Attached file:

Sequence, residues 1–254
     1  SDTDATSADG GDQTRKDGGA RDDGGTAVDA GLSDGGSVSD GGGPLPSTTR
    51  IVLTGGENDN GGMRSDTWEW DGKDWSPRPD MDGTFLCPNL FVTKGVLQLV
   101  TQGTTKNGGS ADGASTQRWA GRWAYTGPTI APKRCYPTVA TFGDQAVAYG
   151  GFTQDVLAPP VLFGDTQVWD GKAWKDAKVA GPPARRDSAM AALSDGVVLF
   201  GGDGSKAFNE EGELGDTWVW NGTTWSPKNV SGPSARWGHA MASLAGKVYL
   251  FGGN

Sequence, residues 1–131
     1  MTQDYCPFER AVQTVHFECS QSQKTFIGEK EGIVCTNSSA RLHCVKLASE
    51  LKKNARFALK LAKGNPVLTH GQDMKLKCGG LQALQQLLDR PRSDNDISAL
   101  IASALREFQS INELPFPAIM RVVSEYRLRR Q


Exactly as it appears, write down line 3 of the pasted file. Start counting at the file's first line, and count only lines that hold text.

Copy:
    51  IVLTGGENDN GGMRSDTWEW DGKDWSPRPD MDGTFLCPNL FVTKGVLQLV